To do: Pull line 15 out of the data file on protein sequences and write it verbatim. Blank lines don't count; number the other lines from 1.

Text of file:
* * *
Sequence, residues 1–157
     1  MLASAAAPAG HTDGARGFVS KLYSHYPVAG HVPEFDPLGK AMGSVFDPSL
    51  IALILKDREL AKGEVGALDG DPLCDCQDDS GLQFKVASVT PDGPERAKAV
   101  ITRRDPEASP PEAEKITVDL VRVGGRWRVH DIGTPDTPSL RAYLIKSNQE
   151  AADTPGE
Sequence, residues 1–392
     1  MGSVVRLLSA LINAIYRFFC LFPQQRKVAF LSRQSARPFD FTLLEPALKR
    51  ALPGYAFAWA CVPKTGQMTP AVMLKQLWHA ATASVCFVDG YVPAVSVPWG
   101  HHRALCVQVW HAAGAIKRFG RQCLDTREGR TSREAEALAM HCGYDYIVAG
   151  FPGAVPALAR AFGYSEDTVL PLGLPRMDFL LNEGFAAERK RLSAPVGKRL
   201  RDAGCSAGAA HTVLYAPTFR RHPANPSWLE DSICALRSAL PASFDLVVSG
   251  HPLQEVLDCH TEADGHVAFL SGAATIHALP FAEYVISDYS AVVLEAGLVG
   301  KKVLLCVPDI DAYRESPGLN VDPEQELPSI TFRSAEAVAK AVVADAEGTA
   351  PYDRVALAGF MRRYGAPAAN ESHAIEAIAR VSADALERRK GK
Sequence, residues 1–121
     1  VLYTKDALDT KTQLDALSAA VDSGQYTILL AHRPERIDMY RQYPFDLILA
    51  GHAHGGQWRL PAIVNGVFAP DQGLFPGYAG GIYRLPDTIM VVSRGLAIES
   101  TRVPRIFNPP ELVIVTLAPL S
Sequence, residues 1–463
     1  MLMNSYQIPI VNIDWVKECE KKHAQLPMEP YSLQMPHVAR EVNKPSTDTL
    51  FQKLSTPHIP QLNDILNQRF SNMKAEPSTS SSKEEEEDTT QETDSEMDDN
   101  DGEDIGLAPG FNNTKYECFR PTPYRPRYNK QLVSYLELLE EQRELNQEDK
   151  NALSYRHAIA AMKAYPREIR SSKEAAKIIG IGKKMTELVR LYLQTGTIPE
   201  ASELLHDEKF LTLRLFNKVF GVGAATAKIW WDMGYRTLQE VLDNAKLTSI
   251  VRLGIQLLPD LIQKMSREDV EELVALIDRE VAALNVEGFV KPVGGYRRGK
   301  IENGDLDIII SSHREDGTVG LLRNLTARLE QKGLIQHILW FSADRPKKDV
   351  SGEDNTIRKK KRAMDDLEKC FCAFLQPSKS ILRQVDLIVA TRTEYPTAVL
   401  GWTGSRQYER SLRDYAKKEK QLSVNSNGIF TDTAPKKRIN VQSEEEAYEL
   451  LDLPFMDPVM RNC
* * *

Sequence, residues 1–121